Skip navigation

Earlier discussion

Globe editor-in-chief Edward Greenspon takes questions

Globe and Mail Update

Do you like what The Globe is doing?

Got a beef with us?

What do you think of our political coverage, including last weekend's Liberal leadership convention where Stéphane Dion emerged as the surprise compromise choice to lead the party into the next federal election.

How about our month-long series on cancer in Canada — how it impacts ordinary people, our national shame of having had no national strategy for combatting the scourge until a few weeks ago and the hopes and fears of researchers and cancer activists for scientific breakthroughs.

This was your chance to talk to the man in charge of The Globe's journalism.

Editor-in-Chief Edward Greenspon was online earlier today to take your questions.

Your questions and Mr. Greenspon's answers appear at the bottom of this page.

Mr. Greenspon has been editor-in-chief of The Globe and Mail since July, 2002.

He has an honours degree in journalism and political science from Carleton University and was a Commonwealth Scholar at the London School of Economics, earning a masters degree in politics and government with distinction in 1985.

Mr. Greenspon began his journalism career at The Lloydminster Times and also worked for The Regina Leader-Post and The Financial Post before joining The Globe in 1986 as a business reporter specializing in media industries. He has held various positions over the years, among them, European Correspondent, Managing Editor Report on Business, Executive News Editor, Founding Editor of globeandmail.com, and Ottawa Bureau Chief.

Since 2000, Mr. Greenspon has been closely involved in challenges facing all newspapers in an increasingly electronic world.

He is also co-author of Double Vision, The Inside Story of the Liberals in Power, for which he shared the 1996 Douglas Purvis Award for the best public policy book, and Searching for Certainty: Inside the New Canadian Mindset. He has also won the Hyman Solomon Award for Excellence in Public Policy Journalism.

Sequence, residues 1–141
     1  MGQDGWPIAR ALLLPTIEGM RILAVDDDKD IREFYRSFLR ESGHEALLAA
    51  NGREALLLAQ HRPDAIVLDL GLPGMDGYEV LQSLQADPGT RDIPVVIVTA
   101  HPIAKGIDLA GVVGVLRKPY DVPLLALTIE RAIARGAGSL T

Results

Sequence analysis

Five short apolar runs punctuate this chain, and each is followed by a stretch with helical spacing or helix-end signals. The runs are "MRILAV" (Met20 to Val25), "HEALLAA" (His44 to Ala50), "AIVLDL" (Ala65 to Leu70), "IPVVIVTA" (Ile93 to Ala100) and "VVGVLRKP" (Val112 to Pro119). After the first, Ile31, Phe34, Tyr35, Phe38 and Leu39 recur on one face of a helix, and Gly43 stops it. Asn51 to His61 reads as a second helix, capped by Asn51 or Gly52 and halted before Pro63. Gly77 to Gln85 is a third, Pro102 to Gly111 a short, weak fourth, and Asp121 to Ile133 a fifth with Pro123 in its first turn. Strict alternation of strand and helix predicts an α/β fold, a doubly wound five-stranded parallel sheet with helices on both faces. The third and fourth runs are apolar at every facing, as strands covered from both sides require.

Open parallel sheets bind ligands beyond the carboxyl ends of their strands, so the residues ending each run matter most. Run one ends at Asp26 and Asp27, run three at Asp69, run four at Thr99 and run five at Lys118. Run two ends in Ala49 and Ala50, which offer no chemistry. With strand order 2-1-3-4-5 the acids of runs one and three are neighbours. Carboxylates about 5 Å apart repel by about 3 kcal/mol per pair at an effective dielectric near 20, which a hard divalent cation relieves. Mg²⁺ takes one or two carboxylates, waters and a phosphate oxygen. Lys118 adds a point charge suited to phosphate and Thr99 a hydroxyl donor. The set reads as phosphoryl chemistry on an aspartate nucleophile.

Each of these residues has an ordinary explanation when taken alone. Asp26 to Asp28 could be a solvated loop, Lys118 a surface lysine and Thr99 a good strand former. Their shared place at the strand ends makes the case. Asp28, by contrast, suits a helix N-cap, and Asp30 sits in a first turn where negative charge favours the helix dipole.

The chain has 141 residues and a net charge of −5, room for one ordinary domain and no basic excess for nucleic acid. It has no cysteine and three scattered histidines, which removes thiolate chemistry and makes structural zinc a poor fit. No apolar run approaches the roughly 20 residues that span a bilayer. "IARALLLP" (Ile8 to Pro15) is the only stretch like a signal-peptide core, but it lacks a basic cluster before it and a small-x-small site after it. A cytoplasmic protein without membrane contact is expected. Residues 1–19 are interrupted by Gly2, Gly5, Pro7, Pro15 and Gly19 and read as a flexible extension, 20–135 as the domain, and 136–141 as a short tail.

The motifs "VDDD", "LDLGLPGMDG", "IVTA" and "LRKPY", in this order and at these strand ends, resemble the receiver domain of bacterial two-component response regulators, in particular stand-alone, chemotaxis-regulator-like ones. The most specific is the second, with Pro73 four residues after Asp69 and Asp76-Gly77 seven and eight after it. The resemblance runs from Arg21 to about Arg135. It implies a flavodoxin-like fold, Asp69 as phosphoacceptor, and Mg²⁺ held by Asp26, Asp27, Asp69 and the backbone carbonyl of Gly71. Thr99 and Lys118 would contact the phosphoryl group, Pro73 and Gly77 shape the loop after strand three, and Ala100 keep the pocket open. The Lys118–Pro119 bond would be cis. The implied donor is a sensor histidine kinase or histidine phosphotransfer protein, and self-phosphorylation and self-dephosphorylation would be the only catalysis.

Editor's Note: The same rules will apply to this live discussion as normally apply to the "reader comment" feature. Globeandmail.com editors will read and approve each comment/question. Not all comments/questions can be answered in the time available. Comments/questions will be checked for content only. Spelling and grammar errors will not be corrected. Comments/questions that include personal attacks, false or unsubstantiated allegations, vulgar language or libelous statements will be rejected. Preference will be given to those who ask questions under their full name, rather than pseudonyms.

Jim Sheppard, Executive Editor, globeandmail.com: Welcome, Ed. Thanks for joining us again today to take questions from the readers of globeandmail.com.

Edward Greenspon, Editor-in-Chief, The Globe and Mail: Hello, Jim. It is a pleasure to be with you here today. I always find these live discussions challenging for my brain and my fingers.

I don't get much opportunity to get into the reporting field very much anymore, but did spend last weekend in Montreal helping out on the Liberal leadership convention. As a political junkie, I can attest to the fact it was an extremely exciting convention. The permutations were plentiful, but once Gerard Kennedy made his move, it looked clear that Stéphane Dion would win. In fact, I had picked Dion in the office pool since momentum is such an important force in a convention and since Ignatieff and Rae seemed hopelessly deadlocked.

In any case, I will be pleased this morning to talk about our political coverage, the continuing cancer series, of which we are proud, or anything else our readers choose to throw at me.

Banquo's Ghost: This is regarding the Globe's coverage of the Afghanistan front.

In the age we live in, it is possible for anyone anywhere to have access to the news of the day as reported by virtually any news organization on the planet. I most assuredly do not mean blogs or opinion sites, I am referring to the legitimate, reputable news-gathering organizations of many different nations.

Frequently, over the past few years, as we have become more deeply engaged in the Afghanistan conflict, I have found that The Globe's coverage has tended to become more narrowly and parochially Canadian in scope, almost as though it is assumed that there is little news of worth to report about our allies or that Canadians wouldn't be interested.

I have come to the somewhat unavoidable conclusion that there is an exclusionary principle at work. There is, however, news generated out of bureaus of France, Italy or Germany (just to name some examples), our allies after all, that is sometimes startlingly relevant to our own involvement in Afghanistan.

Recommend this article? 49 votes

Back to top